Royal Blood May Be Hidden Inside Decorated Gourd

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While storing blood or body parts in a decorated squash might seem unlikely now, it wouldn't have been for the time.
Carles Lalueza-Fox

THE GIST

- A decorated gourd dated to 1793 may contain the blood of Louis XVI, who was executed that same year.

- Residue found inside the gourd has been identified as blood, with DNA analysis providing links to the French king.

- Both historical evidence and text fired onto the gourd further connect the blood to Louis XVI.

Carved pumpkins abound this Halloween season, but a decorated gourd dated to 1793 may be the spookiest of them all. New research determines it may contain the blood of Louis XVI, who was executed by guillotine that same year.

The research, accepted for publication in the journal Forensic Science International: Genetics, shows how genetic analysis can provide new historical evidence independent of other traditional sources of information.

The gourd, originally used to store gunpowder, was extensively decorated on the outside with a flame tool. Burned into its surface is the text: "Maximilien Bourdaloue on January 21st, dipped his handkerchief in the blood of Louis XVI after his beheading."

"It is described in contemporaneous accounts that there was a lot of blood in the scaffold after the beheading and that, in fact, many people went there to dip their handkerchiefs in the blood," Carles Lalueza-Fox, lead author of the study and a researcher at Spain's Institute of Evolutionary Biology, told Discovery News.

The handkerchief is now missing from the gourd, but Lalueza-Fox and his team identified a brownish substance on the interior of the dried squash. Biochemical tests determined that the substance was dried blood.

Lalueza-Fox recalled that the king was known for his blue eyes, featured prominently in paintings. He then got the idea of looking for the blue eyes mutation within the dried blood's DNA. The scientists found this mutation, at a gene called HERC2.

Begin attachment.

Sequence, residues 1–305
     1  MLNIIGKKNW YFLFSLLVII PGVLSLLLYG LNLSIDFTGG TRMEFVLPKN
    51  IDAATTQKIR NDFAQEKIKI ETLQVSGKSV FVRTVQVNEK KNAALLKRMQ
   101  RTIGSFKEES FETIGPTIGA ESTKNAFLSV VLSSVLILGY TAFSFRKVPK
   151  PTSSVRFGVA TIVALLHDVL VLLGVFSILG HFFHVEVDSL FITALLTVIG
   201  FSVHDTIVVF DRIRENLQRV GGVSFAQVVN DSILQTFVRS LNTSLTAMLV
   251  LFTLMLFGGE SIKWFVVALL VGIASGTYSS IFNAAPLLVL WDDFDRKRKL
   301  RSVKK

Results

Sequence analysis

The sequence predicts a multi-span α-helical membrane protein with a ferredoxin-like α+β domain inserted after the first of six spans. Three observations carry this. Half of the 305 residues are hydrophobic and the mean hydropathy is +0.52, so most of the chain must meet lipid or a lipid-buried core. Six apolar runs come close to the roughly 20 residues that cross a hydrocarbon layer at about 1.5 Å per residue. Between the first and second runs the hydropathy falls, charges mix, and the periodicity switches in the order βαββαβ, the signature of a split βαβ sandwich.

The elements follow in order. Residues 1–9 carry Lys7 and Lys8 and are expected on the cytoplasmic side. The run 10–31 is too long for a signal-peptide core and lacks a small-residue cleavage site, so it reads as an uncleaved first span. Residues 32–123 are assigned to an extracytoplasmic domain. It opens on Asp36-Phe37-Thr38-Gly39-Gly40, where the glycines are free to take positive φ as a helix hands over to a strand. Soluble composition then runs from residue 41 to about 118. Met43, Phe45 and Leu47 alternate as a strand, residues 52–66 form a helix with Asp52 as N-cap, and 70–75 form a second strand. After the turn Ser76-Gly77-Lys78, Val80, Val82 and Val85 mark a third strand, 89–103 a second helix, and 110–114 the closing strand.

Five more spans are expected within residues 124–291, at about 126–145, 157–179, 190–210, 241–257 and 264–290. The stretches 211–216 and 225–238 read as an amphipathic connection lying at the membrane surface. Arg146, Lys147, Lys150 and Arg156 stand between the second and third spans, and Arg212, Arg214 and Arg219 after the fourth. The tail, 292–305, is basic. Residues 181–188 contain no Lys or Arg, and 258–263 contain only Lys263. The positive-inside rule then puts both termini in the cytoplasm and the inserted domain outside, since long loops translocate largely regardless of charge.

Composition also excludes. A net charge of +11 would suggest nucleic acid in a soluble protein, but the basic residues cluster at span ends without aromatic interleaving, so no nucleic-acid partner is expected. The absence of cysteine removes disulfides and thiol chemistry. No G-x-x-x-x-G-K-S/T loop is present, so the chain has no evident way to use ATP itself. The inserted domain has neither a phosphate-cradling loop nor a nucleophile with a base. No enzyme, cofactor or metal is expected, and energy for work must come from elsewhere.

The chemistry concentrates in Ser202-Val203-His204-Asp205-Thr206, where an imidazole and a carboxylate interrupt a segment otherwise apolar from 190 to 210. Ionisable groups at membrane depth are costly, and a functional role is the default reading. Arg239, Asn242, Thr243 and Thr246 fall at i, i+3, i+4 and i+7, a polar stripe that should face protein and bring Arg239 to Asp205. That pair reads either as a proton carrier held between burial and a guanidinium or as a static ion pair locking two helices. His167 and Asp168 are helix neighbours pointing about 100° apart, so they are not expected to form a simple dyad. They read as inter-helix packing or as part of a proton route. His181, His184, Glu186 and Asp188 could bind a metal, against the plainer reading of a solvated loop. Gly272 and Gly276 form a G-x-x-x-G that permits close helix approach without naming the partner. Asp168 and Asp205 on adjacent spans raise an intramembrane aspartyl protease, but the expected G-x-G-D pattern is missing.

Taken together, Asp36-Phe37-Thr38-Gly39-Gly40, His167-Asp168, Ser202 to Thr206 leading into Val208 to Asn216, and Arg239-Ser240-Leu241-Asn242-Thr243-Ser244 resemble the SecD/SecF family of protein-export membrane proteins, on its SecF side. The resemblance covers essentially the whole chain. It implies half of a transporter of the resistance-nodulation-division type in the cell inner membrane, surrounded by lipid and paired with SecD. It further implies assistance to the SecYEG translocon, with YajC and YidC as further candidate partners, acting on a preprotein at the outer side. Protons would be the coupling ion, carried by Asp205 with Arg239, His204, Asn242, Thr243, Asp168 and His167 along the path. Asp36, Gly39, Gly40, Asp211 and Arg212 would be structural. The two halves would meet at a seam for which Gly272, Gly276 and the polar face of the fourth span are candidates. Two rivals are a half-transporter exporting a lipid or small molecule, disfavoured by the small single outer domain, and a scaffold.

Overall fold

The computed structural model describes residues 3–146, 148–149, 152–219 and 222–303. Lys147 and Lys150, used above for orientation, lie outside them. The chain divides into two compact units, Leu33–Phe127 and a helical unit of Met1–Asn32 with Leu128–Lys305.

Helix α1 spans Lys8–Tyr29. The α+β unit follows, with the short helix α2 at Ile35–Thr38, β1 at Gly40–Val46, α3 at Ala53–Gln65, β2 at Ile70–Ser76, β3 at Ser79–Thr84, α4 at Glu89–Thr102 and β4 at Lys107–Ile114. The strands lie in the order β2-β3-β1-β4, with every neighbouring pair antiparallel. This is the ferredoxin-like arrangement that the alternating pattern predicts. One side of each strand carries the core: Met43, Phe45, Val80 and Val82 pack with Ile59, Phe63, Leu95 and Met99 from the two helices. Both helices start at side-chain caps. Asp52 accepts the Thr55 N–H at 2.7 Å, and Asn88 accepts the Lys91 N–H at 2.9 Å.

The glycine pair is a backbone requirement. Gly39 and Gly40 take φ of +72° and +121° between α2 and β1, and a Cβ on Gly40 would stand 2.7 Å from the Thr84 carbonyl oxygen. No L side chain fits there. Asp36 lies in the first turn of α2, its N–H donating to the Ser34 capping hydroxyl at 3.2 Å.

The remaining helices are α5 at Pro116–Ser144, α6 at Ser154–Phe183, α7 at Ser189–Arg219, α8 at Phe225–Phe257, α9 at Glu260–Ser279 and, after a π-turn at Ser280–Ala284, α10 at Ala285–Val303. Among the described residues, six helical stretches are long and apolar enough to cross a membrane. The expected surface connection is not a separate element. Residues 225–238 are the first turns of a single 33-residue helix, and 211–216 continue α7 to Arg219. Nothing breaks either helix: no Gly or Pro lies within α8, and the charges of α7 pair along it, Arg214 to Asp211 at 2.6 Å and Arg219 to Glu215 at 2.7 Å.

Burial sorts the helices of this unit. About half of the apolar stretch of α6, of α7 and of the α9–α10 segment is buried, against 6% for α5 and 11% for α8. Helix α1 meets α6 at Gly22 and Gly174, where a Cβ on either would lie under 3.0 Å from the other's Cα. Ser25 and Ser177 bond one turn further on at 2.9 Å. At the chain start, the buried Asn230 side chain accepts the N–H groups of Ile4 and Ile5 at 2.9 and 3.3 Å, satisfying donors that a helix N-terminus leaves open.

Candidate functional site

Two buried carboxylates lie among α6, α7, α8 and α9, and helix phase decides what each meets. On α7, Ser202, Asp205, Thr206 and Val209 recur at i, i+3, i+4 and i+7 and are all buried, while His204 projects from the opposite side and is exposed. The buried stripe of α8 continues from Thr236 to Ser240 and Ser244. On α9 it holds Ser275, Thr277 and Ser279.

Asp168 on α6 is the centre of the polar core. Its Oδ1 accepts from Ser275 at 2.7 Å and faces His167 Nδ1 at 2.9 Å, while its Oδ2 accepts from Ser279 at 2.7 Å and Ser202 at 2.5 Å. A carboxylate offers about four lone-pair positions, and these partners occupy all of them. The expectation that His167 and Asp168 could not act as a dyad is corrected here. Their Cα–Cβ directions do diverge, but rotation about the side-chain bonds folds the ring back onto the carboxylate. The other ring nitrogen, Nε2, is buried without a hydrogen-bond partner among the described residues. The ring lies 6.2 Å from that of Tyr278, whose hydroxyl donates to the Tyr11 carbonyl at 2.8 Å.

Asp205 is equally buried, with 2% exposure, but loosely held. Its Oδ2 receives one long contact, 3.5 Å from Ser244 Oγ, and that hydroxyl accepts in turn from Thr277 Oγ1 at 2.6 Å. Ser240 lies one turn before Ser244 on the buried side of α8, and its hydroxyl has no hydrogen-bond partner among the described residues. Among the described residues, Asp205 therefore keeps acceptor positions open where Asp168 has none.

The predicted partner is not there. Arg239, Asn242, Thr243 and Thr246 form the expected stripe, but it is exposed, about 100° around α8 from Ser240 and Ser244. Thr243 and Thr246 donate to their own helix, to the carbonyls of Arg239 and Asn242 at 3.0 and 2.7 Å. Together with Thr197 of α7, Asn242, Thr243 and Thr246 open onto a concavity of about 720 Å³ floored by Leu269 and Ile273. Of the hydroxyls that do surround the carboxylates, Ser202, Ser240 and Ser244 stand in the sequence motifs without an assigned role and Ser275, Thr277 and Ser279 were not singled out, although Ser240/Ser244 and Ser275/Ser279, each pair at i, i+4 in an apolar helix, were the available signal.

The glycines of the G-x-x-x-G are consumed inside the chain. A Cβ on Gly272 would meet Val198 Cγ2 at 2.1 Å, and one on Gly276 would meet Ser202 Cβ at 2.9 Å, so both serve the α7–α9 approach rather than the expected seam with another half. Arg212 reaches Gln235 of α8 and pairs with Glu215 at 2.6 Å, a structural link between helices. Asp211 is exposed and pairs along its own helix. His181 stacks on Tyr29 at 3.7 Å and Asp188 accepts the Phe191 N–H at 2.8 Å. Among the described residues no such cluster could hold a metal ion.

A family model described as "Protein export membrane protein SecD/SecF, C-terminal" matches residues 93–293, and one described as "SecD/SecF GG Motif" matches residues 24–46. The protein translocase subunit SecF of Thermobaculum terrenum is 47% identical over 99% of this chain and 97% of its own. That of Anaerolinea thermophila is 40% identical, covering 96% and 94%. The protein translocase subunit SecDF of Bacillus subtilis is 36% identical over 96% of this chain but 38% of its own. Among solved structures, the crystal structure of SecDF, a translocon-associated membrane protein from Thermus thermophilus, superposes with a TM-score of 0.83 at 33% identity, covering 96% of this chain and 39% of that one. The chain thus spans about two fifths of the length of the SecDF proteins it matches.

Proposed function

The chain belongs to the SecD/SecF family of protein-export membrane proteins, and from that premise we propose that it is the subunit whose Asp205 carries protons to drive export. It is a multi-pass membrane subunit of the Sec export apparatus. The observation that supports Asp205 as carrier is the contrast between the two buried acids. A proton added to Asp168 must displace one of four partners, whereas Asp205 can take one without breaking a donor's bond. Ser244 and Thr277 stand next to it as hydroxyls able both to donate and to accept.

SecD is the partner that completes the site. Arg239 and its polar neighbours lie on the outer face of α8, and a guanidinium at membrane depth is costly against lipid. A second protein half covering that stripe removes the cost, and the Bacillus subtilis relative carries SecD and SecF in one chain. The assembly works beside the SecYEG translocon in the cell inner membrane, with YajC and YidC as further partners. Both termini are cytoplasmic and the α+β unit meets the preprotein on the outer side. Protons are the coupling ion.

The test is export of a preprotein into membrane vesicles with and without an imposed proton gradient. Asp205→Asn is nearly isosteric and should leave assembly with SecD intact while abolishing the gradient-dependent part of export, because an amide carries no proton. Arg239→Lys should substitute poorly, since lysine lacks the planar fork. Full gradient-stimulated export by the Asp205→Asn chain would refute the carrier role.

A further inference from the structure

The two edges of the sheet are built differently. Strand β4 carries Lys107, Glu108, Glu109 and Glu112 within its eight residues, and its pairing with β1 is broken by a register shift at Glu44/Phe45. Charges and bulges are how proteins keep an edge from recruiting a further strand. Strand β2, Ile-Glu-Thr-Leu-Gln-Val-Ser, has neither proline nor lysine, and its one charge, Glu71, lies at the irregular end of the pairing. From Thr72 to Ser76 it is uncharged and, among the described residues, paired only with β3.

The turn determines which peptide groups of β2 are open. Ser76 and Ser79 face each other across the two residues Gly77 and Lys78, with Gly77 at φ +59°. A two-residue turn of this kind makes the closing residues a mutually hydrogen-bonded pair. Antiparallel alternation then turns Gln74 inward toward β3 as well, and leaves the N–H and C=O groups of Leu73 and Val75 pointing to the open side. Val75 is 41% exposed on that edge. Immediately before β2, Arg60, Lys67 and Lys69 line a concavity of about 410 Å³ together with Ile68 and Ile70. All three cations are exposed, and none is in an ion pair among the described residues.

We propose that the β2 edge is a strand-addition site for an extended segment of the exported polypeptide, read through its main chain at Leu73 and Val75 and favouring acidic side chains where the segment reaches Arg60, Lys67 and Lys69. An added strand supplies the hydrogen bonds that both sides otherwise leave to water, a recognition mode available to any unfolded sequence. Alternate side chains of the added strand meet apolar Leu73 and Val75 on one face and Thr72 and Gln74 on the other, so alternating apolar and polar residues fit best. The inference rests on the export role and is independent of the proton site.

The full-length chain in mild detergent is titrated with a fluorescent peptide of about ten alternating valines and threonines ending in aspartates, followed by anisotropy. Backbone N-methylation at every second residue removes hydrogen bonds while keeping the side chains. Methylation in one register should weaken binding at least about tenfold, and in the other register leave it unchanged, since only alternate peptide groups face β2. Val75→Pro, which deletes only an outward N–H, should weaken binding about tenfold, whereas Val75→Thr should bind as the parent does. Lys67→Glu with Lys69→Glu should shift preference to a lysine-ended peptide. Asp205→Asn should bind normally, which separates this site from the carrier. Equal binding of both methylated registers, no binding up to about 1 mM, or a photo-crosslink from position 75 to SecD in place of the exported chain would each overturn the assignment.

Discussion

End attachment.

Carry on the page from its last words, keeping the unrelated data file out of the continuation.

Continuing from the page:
The researchers also analyzed other aspects of the blood's genetics, such as its mitochondrial DNA profile, its Y chromosome profile and some other markers. These all revealed that the DNA profile "found inside the gourd is extremely rare in modern Eurasians," suggesting that it may derive from a royal bloodline.

"We have conducted an analysis of the 'person' who is inside the gourd for which we have historical evidence could be the king, but for definite proof we need someone to compare (the findings) with," Lalueza-Fox said.

As luck would have it, a probable organ from such an individual exists. A heart located in a royal French crypt is thought to belong to the king's son, Louis XVII, who died when he was just 10 years old. The heart was cut from the young boy's tumor-ridden body and pickled after Louis XVII spent three horrific years in Paris' Temple Prison.

Bodily remains of Marie Antoinette maternal relatives allowed for genetic comparisons to the DNA in the heart using mitochondrial DNA, which is passed down from a mother to her children. Lalueza-Fox now hopes the gourd blood's DNA can be compared to what's in the heart.

Together, the human remains are reminders of the brutal, 10-year-long French Revolution, which saw the collapse of the country's absolute monarchy. The gourd even has the names of key figures from the revolutionary period burnt into it, including Georges Danton, Jean Paul Marat, Camille Desmoulins, Louis-Sebastien Mercier, Joseph Ignace Guillotin, Maximilien Robespierre, Bernard-Rene de Launay, Jacques de Flesselles and Joseph Foullon.

Another box of text on the dried gourd gives credit to the object's decorator, Jean Roux of Paris.

While storing blood or body parts in a decorated squash might seem unlikely now, Lalueza-Fox said it wouldn't have been for the time.

"It may sound strange today, but probably for a common person witnessing the execution, one of these gunpowder gourds was an acceptable receptacle to preserve something valuable," he explained, suggesting that the gourds were long-lasting, common containers during the 18th century in France.

Eske Willerslev, a Natural History Museum of Denmark evolutionary biologist who is known for his pioneering work on ancient genetics, told Discovery News that "the methodology seems solid" for the new research on the blood.

"It's interesting that such studies of ancient remains of people can actually be used to obtain molecular affiliations of the person and infer some phenotypic traits," Willerslev added.

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